SANTA MONICA ( — Two years after Angelina Jolie shared her decision to have a preventive double mastectomy, her story continues to help others with early detection and treatment for cancer.

Diagnosed in January with Stage 2 breast cancer, Christina Ciano says she began reading more about Jolie, who in 2013 underwent the preventive surgery.

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Ciano is a radiation technician and used to being around people with cancer. She says she looked to Jolie as a role model of sorts in battling cancer.

“I really think it made it OK to talk about,” said Ciano, who explains that after her diagnosis, she went into overdrive wanting to start treatment.

Jolie said she wanted to share her story in the media to give strength to other women. Two years later, her story is proving to have an impact. It’s what many are calling the “Angelina Effect.”

An Austrian study found that before Jolie’s announcement, 88 percent of women knew that breast reconstructive surgery was an option after a mastectomy. After her announcement, that number increased to 93 percent.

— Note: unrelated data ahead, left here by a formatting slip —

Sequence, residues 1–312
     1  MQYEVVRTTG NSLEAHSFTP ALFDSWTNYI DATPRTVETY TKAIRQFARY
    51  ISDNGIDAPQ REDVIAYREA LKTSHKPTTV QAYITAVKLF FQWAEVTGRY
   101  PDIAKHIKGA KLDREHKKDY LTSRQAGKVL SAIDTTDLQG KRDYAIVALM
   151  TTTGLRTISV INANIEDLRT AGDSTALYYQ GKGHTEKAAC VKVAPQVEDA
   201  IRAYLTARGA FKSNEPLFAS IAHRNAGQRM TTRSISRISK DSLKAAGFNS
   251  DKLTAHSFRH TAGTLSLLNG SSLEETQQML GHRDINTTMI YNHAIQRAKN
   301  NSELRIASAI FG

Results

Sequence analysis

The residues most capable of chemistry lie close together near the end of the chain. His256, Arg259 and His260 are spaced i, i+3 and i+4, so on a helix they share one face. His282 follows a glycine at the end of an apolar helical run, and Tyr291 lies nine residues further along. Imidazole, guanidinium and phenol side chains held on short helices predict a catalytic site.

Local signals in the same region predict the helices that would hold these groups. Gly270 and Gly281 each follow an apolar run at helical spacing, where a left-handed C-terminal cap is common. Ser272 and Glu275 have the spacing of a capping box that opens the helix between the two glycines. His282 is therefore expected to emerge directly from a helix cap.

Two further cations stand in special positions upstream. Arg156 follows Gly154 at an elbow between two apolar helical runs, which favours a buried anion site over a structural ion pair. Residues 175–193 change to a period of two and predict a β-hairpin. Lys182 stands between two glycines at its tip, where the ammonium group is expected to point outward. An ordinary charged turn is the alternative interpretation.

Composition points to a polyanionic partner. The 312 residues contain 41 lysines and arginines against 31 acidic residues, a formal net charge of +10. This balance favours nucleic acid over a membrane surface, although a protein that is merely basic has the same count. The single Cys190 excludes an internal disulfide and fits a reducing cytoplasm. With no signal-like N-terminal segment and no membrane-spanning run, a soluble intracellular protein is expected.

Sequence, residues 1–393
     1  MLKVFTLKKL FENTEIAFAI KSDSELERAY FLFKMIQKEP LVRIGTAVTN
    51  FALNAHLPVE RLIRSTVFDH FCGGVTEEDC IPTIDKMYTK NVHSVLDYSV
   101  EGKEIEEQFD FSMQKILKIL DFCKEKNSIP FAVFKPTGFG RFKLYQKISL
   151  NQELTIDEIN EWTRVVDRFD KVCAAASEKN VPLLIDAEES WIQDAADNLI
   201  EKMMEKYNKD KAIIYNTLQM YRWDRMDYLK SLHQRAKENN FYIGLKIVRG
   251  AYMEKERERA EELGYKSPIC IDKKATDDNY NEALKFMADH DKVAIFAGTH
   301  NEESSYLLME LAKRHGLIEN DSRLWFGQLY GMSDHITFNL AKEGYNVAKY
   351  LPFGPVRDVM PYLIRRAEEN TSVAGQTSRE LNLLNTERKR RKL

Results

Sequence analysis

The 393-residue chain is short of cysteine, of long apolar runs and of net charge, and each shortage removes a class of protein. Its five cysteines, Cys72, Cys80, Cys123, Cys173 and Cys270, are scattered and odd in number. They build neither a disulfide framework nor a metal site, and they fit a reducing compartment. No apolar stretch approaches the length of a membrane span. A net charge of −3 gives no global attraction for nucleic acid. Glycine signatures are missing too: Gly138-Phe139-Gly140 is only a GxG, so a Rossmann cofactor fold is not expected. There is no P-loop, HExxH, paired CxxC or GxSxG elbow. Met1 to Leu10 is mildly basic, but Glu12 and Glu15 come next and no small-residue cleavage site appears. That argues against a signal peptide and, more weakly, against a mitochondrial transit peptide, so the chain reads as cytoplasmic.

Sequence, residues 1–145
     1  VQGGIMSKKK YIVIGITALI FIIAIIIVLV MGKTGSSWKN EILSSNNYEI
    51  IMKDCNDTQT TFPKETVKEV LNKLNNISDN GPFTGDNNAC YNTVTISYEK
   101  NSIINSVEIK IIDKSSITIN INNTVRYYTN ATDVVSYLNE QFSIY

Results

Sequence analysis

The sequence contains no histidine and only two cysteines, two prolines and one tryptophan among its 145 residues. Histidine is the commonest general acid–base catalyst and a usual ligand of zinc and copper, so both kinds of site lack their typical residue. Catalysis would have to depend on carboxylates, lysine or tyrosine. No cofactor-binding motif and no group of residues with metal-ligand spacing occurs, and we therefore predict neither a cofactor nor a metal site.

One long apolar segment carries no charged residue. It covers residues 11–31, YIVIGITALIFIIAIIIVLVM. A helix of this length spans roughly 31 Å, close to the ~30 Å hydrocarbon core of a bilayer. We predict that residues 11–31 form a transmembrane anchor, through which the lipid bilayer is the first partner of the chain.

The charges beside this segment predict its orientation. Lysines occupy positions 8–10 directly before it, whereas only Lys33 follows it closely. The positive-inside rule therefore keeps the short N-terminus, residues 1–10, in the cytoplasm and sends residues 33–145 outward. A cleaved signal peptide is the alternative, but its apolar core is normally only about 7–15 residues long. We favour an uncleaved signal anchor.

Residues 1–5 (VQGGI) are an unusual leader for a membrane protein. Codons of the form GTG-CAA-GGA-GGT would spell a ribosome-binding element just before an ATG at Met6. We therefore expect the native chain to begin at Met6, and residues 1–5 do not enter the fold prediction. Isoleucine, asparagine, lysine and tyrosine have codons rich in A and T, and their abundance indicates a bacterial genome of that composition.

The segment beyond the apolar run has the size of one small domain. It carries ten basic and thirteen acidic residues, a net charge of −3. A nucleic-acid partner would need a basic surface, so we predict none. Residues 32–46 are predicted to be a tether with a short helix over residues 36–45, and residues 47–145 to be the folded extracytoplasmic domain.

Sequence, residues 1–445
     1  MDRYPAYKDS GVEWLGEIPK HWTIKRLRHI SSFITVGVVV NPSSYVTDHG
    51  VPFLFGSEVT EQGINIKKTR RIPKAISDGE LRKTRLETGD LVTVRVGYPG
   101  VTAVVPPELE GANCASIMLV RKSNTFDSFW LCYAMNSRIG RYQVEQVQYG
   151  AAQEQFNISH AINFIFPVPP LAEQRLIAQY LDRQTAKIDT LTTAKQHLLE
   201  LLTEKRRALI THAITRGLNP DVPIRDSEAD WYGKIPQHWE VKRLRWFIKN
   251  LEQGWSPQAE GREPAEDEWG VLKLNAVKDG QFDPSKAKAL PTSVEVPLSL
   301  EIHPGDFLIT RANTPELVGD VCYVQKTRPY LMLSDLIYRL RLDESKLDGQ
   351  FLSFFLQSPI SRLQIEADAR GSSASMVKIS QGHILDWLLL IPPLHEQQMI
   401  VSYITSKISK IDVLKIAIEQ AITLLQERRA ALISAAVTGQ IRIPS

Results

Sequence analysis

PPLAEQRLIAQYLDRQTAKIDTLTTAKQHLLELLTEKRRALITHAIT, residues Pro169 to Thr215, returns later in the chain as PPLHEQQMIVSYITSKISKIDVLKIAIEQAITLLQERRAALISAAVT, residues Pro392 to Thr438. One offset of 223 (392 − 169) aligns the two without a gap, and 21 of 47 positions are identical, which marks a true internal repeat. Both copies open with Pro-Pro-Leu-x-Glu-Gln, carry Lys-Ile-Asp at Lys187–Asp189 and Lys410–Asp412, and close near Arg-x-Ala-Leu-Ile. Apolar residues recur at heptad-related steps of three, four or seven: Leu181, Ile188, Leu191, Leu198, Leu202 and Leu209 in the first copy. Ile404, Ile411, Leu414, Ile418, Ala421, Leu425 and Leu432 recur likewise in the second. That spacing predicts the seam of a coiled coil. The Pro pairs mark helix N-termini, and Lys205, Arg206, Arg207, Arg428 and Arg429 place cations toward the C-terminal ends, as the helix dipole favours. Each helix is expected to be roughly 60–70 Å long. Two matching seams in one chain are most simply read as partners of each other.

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The lead researcher said: “This is the first prospective report to prove the media’s effect on the health care related issue of breast cancer among the general public.”

Ciano’s surgeon, Maggie DiNome with the John Wayne Cancer Institute, says she’s seen the “Angelina Effect” with her patients, including Ciano.

“I think it empowered her to say, ‘I have decision. I can make a decision that’s right for myself,’ ” DiNome said.

After chemotherapy and lumpectomy in June, Ciano is now cancer-free.

She says Jolie’s story assured her that, despite cancer, she will still be beautiful.

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“She made it OK to deal with important issues and surgeries that may feel as though they affect your womanhood,” Ciano said.